Hi! My name is Sherry Yong Chen, and I’m a linguist.
My academic pursuits have granted me the privilege to live in various places around the world. I am currently doing a PhD in Linguistics at MIT as a Presidential Fellow. Prior to coming to Boston, I completed an MPhil in General Linguistics at the University of Oxford (2015-2017), and a BA in General Linguistics at the University of Hong Kong (2012-2015). I also spent a semester at the University of Melbourne as an exchange student (Fall 2013).
I hail from a tiny little town called Longyou (southeastern China), known for some mysterious grottoes that are thought to date back at least 2,000 years.
As a linguist……
I am broadly interested in issues related to syntax, semantics, and their interfaces, involving both theoretical and experimental inquiry. I also have an interest in language acquisition.
Generally speaking, questions that interest me include:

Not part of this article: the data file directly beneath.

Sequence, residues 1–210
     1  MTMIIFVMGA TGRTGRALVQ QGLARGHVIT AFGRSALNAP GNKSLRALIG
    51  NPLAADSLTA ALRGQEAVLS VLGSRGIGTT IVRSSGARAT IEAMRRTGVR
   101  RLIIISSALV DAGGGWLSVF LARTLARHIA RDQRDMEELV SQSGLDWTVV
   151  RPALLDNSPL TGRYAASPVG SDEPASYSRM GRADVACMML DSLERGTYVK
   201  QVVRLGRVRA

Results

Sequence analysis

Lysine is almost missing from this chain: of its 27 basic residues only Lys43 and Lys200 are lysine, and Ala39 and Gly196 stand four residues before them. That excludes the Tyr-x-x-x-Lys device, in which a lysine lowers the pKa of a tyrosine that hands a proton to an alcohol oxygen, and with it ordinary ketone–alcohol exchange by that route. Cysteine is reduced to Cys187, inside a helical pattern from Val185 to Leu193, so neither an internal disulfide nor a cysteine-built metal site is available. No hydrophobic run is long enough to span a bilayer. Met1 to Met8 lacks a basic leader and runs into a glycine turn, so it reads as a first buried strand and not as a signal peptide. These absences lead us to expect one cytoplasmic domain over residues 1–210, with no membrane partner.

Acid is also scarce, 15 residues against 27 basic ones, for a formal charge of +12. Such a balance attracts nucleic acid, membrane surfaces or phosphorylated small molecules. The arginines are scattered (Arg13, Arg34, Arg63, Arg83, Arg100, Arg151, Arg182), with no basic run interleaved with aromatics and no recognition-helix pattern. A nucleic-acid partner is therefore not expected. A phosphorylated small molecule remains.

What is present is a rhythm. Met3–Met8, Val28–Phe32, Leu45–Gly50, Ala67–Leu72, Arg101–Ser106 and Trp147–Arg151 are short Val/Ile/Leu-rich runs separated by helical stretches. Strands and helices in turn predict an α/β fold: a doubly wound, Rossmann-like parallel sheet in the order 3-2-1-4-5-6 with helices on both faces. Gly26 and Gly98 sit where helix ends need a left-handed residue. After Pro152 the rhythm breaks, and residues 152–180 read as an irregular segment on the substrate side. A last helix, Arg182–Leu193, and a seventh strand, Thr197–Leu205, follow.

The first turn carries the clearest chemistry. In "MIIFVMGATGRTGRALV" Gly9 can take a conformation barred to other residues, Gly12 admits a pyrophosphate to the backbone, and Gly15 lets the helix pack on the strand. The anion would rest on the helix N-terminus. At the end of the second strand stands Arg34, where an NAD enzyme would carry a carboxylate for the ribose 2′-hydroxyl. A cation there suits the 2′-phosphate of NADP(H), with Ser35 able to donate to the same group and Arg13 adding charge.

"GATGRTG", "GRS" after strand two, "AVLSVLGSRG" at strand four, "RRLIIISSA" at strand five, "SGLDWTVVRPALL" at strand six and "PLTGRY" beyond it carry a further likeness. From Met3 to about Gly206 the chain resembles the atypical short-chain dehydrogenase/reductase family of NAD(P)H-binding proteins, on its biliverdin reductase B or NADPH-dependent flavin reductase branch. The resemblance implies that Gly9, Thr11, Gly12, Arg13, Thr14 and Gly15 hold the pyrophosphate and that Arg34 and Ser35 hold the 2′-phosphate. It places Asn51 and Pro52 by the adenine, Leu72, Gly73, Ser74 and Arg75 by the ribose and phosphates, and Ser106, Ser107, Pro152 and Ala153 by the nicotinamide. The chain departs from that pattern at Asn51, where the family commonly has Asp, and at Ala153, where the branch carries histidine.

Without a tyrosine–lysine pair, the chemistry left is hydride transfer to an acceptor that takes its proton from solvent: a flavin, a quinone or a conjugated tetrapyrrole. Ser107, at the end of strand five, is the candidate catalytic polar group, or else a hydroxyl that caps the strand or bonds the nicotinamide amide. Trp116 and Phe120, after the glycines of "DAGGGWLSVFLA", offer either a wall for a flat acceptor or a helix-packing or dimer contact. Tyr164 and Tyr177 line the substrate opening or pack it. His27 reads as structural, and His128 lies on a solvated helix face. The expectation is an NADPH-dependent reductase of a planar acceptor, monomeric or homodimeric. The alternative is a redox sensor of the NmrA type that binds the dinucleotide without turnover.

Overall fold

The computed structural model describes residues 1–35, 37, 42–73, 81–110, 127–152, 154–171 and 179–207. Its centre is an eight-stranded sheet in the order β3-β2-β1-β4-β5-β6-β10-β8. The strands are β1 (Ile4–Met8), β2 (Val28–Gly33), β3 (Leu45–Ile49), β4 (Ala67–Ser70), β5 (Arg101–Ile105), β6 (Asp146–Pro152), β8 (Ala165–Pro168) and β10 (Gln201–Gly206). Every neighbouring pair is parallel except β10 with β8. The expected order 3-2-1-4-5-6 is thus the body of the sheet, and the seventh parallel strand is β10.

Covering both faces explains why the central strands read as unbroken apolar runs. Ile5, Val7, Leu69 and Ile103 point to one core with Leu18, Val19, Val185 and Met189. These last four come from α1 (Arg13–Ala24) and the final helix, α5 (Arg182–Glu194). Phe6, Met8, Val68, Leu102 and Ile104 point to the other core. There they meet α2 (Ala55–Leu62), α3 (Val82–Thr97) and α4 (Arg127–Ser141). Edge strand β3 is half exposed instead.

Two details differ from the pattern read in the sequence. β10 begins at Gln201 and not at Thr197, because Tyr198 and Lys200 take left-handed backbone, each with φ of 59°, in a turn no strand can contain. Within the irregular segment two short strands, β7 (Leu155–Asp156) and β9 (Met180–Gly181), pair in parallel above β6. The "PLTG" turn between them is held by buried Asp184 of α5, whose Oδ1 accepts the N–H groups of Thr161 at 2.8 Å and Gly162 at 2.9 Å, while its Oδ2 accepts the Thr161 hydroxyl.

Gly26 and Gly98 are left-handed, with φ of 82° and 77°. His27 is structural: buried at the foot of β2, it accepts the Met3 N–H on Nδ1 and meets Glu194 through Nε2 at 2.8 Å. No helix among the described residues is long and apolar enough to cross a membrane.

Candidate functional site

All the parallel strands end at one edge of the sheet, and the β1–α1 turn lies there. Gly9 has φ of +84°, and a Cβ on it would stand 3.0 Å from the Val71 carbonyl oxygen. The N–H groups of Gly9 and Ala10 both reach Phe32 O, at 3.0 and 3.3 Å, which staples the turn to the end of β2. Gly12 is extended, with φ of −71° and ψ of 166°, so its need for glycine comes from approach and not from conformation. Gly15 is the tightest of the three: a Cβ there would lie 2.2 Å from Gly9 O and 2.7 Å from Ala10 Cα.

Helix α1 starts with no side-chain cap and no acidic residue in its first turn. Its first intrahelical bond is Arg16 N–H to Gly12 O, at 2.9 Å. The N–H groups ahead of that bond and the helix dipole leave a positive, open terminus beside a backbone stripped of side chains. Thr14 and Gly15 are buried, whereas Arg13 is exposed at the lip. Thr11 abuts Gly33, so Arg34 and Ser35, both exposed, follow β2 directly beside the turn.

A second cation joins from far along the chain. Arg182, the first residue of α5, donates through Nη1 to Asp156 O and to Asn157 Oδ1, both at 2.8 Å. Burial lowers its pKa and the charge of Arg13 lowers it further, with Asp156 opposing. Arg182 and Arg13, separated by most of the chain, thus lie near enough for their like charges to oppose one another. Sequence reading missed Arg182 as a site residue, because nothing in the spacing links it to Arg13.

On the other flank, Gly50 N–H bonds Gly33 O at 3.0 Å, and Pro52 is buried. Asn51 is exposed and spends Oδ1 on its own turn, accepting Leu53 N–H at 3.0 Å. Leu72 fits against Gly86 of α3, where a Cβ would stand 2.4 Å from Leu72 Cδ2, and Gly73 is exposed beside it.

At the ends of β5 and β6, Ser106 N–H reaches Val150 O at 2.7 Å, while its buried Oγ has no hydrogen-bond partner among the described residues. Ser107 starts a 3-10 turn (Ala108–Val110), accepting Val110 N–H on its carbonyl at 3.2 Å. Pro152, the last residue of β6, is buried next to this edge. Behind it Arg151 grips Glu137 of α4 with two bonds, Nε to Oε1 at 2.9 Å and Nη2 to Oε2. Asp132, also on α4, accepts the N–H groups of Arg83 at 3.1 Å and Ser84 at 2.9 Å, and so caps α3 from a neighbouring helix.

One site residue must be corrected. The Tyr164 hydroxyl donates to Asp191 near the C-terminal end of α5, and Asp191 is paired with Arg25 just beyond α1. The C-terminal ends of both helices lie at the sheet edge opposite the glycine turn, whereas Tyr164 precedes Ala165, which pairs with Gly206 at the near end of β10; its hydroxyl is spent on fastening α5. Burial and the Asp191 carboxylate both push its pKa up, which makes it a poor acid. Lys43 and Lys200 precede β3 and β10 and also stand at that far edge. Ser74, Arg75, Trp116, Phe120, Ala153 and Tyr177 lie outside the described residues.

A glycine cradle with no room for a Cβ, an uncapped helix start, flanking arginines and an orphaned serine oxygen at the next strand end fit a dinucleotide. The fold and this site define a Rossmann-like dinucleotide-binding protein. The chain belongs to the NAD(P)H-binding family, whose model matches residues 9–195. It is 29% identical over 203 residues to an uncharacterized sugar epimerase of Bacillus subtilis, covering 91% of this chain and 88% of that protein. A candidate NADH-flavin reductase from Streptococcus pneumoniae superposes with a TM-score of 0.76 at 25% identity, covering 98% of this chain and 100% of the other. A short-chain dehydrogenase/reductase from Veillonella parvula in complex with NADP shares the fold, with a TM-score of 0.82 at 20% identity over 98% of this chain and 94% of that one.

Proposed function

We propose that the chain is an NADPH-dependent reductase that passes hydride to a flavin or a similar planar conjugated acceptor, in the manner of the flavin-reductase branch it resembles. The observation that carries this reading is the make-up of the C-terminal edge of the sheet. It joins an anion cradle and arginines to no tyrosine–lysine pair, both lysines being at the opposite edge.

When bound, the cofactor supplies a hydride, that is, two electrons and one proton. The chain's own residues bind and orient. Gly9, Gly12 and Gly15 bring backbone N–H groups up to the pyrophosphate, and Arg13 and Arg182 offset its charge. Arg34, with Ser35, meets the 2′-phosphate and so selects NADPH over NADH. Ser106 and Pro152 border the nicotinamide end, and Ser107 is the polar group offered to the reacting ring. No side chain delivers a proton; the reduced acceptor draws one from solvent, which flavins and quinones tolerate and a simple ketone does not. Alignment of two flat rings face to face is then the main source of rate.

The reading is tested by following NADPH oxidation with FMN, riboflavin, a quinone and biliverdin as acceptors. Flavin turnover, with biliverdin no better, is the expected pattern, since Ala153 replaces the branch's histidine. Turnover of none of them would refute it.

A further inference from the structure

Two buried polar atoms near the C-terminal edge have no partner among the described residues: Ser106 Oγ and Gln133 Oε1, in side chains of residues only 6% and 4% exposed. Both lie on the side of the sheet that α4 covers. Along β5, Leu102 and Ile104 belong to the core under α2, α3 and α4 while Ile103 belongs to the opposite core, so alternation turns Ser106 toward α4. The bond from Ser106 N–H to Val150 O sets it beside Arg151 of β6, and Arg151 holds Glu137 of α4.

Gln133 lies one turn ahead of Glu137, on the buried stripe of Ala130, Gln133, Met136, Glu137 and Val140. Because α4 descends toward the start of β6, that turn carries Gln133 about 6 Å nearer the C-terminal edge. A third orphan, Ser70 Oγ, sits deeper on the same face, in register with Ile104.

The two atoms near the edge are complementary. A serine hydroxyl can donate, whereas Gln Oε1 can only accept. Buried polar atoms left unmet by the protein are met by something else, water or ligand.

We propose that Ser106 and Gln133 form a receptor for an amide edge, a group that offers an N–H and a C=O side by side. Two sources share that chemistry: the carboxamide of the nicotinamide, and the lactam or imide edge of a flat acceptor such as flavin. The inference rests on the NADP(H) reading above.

- How are meanings composed in human language, and what is the mapping between form and meaning?
- How is this mapping relation computed in real time?
- How do children come to acquire language? What are the “internal mechanisms” for language acquisition?
To address these questions, I adopt a formal approach in my theoretical work, and make extensive use of behavioral techniques, from (speeded) acceptability judgements, self-paced reading, to eye tracking.
When I’m not thinking about linguistics……
Sometimes I translate TED talks and manage a website called Publishing Insights. My other hobbies include running a studyblr where I (pretend to be a teenager and) post/reblog study diaries, and write quirky poems on the refrigerator. Oh and I love platypus!
My favourite book: Gödel, Escher, Bach: an Eternal Golden Braid by Douglas R. Hofstadter.